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This article is more than five years old. Autism research - and science in general - is constantly evolving, so older articles may contain information or theories that have been reevaluated since their original publication date.
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Subtle, significant. In a nutshell, these two words capture the symptoms of many girls with autism. Like many in my field, I’ve seen this subtlety firsthand.
One 6-year-old girl I met several years ago seemed, at first, to have good social skills. She responded appropriately when I introduced myself, complimented my outfit and politely answered all of my questions. It was only when I saw her again a few days later that I understood her family’s concerns: She made nearly identical overtures, as if our interaction were part of a play she had rehearsed.
I also met a teenage girl with autism who was highly intelligent. Because she could not relate to the other girls at her high school, she began interacting exclusively with boys, whose social behaviors she found easier to imitate. She even went through a period of wanting to become a boy, reasoning that she might have more success navigating the social world as a male.
The past several years have seen an explosion of studies aimed at backing up these one-off observations about how autism presents differently in girls than in boys. This is a welcome development, as understanding the unique presentation of autism in girls will help us to better identify and treat the disorder.
Consistently recognizing autism in girls can be challenging, however. This is not only because girls with autism are as diverse as any other group of individuals with the disorder, but also because most autism screening and diagnostic tools were developed based primarily on observations of behaviors in boys.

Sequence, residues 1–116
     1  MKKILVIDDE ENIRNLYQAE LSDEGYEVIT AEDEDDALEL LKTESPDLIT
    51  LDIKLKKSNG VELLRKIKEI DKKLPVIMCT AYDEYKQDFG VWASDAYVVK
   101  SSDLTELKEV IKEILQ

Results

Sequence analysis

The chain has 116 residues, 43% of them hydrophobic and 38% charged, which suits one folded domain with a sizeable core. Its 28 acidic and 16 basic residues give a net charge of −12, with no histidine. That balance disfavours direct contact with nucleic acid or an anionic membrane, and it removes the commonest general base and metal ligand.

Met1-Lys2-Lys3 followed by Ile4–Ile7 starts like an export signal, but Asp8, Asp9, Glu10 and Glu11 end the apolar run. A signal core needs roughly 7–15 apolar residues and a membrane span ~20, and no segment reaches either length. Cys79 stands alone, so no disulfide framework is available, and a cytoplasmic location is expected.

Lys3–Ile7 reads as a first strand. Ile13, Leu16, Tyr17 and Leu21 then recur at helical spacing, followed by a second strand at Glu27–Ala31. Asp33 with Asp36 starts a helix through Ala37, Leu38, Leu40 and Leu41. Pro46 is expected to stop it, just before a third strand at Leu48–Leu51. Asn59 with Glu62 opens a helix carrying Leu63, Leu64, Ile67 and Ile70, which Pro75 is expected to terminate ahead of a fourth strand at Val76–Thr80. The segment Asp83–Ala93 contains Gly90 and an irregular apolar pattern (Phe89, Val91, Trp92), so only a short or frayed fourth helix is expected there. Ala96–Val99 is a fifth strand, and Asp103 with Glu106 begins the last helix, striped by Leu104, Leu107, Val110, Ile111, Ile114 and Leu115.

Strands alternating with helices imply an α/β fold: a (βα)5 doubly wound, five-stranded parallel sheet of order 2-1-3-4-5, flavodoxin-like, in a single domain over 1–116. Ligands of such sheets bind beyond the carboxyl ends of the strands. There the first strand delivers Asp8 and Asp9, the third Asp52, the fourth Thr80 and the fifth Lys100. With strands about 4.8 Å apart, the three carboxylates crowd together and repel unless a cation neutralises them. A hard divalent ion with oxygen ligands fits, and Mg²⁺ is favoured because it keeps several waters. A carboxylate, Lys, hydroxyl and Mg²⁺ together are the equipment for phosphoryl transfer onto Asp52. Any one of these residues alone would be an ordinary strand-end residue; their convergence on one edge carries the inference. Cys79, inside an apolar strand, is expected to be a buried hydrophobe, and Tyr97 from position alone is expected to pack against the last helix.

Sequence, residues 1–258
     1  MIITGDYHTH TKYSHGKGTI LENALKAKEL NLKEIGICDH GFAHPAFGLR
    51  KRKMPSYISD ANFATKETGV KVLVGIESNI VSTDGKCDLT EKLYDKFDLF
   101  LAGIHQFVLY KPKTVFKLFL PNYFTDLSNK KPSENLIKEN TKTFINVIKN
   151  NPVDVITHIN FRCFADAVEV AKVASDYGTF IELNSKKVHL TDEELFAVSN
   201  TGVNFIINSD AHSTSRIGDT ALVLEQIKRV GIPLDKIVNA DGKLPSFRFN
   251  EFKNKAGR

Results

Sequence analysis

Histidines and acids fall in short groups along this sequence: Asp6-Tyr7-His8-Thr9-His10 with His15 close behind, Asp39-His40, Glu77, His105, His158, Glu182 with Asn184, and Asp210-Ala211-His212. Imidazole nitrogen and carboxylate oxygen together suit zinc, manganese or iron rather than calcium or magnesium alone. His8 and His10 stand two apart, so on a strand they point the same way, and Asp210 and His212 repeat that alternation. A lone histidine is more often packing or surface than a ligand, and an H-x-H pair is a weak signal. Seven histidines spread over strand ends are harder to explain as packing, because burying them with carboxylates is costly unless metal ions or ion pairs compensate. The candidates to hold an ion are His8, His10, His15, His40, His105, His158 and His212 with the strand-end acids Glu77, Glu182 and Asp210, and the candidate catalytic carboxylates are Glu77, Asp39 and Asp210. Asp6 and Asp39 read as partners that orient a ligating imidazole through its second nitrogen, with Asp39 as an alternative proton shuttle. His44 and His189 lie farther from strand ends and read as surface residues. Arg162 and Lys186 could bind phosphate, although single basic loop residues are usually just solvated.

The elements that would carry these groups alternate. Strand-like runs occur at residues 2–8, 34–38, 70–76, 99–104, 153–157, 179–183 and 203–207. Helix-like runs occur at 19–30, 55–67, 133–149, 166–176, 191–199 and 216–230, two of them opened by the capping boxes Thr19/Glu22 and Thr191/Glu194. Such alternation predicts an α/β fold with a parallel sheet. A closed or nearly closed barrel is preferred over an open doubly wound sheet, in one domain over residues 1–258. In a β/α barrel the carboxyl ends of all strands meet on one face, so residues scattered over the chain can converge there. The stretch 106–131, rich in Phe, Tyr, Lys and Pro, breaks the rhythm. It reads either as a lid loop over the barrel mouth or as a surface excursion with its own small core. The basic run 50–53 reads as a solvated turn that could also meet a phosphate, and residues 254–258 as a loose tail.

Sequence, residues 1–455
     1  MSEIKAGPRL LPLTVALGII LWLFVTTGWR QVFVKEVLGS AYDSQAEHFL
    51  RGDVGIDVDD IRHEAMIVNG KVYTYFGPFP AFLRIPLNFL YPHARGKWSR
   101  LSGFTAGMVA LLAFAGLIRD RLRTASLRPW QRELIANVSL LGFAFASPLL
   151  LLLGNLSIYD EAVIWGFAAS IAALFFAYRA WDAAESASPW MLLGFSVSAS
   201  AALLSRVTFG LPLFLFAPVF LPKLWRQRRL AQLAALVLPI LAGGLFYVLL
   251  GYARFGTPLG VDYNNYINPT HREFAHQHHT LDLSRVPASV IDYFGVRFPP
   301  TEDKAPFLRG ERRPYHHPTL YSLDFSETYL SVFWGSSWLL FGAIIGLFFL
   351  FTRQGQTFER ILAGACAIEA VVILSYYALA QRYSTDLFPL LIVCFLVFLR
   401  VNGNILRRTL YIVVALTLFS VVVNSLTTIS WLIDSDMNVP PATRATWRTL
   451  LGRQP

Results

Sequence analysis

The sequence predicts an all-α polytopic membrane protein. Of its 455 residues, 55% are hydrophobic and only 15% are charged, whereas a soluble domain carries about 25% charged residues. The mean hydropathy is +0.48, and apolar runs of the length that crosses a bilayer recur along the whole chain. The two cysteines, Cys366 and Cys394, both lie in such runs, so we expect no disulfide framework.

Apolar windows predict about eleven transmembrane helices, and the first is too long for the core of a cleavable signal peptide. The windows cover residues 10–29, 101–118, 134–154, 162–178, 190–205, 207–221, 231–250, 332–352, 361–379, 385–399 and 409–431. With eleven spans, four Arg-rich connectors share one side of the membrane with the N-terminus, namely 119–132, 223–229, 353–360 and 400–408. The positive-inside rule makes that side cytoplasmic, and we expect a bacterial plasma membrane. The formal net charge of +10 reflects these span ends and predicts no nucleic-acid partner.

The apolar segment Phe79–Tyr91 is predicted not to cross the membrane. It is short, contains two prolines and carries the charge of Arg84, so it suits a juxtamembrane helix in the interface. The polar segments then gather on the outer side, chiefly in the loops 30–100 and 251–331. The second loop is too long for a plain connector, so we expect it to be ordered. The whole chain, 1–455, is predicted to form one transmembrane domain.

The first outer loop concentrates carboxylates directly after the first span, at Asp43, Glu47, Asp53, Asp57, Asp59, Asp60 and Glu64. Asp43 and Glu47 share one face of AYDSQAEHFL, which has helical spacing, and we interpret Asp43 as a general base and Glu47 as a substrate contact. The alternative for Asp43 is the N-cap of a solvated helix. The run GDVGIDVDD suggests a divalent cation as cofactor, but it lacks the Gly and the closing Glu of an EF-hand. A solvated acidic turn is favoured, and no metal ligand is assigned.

As a result, we may still be missing girls whose symptoms do not match the ‘prototypical’ boy presentation. These challenges in recognition may also help to explain why many parents say clinicians initially dismiss their concerns about autism in their daughters. Had I not seen that 6-year-old girl a second time, I too might have been guilty of this.
Early studies on sex differences in autism suggested that, compared with boys who have autism, girls with the disorder have lower intelligence and more severe symptoms. But because these studies were conducted during a time when higher-functioning children with autism were less likely to be identified, such studies likely missed girls with high intelligence quotients (IQs) and milder social difficulties — whose autism may have been particularly difficult to detect. Excluding this group would not only drive down the average IQ of girls with autism, but also push up the ratio of boys to girls with the disorder, which stands at around 4-to-1.
As clinicians recognize greater numbers of high-functioning girls and women with autism, our outdated views on gender differences in autism are crumbling. Researchers are investigating whether girls with autism as a group exhibit less severe social and communication difficulties and fewer repetitive behaviors than boys with the disorder.